Students from rural areas generally belong to the lower and middle-income groups. The government also needs to provide financial help to reduce the fees being charged from these students. Apart from providing degree education, universities are conducting research and providing extension work facilities which are contributing to the economic development of the state and the country. Therefore, the Punjab government also must provide financial assistance to the universities for these works.

Healthcare services play a vital role in enhancing and maintaining the efficiency of individuals. The budget calls for the construction of 16 new medical colleges over the next five years and five super speciality hospitals-two in 2024 and three more by 2027. It is not immediately clear whether these medical colleges and super-speciality hospitals would be in the public or private sector. If these colleges and super speciality hospitals are built and run by private institutions, then the common person would not even dream of educating their children and getting treatment in these colleges and hospitals. In this budget, there is a provision for 117 Mohalla Clinics in Punjab, out of which 75 Mohalla Clinics would be operational from August 15, 2022.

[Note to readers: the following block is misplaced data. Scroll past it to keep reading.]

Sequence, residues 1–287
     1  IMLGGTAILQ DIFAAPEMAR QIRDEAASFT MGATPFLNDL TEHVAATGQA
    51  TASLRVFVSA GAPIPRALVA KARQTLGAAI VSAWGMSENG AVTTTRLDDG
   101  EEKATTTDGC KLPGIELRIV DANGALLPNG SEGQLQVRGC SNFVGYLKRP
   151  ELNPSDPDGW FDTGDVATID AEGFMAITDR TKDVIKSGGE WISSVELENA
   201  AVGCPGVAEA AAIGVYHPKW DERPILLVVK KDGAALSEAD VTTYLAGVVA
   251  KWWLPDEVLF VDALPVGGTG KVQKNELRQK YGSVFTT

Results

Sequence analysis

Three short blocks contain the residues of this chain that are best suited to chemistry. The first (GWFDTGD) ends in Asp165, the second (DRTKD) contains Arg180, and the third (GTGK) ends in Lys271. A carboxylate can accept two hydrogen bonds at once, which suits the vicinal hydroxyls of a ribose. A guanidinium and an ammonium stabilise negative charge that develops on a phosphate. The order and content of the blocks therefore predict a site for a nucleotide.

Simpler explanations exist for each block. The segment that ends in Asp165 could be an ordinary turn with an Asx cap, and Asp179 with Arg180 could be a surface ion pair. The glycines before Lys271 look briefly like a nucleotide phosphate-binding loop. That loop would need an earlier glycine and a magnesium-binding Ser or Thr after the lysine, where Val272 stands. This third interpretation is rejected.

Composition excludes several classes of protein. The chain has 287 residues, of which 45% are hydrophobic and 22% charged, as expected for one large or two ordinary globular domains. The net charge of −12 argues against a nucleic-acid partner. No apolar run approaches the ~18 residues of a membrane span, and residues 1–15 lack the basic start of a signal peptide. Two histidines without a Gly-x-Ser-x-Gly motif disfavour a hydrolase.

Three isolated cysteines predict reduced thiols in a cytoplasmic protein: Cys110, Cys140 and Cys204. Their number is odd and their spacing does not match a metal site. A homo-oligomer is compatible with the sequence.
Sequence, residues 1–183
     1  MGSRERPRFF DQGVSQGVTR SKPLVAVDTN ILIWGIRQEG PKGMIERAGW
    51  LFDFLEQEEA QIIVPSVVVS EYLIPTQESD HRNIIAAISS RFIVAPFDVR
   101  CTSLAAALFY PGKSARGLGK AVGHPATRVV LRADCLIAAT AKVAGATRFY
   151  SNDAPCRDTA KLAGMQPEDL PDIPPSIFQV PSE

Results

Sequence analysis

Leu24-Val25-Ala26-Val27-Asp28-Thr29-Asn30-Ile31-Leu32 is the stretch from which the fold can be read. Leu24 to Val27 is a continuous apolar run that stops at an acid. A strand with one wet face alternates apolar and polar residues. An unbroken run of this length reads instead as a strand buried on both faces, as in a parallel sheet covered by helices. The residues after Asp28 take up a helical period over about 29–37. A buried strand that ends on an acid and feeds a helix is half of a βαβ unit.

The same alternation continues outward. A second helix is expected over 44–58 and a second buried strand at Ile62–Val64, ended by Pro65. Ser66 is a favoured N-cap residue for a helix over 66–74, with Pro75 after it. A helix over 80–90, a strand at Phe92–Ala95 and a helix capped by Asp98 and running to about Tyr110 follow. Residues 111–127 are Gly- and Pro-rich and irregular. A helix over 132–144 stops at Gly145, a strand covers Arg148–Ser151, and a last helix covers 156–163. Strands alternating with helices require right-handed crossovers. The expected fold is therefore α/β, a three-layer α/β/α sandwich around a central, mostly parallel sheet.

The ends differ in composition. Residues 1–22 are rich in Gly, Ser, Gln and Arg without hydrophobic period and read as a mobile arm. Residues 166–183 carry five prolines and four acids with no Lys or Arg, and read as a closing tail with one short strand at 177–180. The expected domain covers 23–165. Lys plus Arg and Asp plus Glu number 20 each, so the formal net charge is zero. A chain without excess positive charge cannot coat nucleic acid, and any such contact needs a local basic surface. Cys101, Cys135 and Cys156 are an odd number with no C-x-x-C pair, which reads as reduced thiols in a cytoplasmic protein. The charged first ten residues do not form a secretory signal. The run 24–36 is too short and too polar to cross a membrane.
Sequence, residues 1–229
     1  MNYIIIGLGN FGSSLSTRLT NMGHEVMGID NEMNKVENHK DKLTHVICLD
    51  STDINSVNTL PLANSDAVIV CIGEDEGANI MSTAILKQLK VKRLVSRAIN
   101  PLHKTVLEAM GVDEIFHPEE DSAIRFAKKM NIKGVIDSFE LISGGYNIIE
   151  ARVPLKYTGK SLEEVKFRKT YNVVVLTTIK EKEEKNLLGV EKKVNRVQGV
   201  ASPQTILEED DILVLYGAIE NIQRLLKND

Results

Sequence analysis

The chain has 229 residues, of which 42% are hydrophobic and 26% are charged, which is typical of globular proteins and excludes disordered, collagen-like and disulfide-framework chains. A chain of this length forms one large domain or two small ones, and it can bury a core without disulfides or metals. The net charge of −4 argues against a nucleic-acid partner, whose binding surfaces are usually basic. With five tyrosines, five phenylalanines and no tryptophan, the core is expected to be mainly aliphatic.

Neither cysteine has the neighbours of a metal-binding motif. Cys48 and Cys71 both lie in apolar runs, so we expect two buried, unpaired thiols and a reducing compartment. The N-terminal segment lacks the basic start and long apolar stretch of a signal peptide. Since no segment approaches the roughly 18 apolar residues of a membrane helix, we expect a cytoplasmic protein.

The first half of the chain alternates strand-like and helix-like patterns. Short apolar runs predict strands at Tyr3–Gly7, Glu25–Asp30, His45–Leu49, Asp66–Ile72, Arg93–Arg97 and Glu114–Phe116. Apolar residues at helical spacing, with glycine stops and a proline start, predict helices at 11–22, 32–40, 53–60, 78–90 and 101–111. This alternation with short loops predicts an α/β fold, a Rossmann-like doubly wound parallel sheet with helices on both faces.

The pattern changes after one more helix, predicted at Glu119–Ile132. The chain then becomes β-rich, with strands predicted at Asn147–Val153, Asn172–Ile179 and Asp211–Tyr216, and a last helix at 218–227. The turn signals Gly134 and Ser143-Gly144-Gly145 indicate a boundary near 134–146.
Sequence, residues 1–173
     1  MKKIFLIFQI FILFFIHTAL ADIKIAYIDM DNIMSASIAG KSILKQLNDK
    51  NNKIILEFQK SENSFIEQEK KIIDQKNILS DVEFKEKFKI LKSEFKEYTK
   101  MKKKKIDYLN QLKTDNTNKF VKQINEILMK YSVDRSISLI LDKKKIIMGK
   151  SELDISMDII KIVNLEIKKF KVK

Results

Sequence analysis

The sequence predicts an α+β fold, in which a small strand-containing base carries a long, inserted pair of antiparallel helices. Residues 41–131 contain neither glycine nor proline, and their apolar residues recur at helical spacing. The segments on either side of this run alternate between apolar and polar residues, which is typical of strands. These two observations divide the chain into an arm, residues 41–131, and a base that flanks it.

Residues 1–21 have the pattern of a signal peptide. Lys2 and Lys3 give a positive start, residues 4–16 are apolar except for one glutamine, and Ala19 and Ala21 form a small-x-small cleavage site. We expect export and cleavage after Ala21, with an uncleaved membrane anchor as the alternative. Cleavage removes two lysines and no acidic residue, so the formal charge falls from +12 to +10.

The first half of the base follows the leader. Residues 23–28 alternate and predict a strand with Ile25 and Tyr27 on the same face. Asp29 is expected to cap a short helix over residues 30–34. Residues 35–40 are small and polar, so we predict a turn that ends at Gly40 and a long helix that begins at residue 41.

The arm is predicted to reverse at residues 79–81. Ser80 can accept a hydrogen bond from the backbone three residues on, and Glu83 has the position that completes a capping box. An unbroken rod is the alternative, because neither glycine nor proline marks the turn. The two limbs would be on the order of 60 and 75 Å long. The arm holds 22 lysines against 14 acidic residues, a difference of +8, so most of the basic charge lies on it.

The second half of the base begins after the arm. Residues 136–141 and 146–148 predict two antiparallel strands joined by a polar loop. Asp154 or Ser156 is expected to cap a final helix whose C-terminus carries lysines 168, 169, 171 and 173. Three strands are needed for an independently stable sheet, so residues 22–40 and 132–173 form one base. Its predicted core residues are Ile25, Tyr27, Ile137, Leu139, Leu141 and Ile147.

While guaranteeing good healthcare services during the elections, it was announced that Mohalla Clinics would be set up for all. As per the data released by the Punjab government on February 10, 2021, there are 12,673 villages and 237 cities and towns in Punjab. When will Mohalla Clinics be operational in all these villages and cities? Primary health centres, hospitals and other healthcare centres in rural and urban areas of Punjab have a severe shortage of infrastructure, doctors, nurses, and other staff, which needs to be addressed on a priority basis.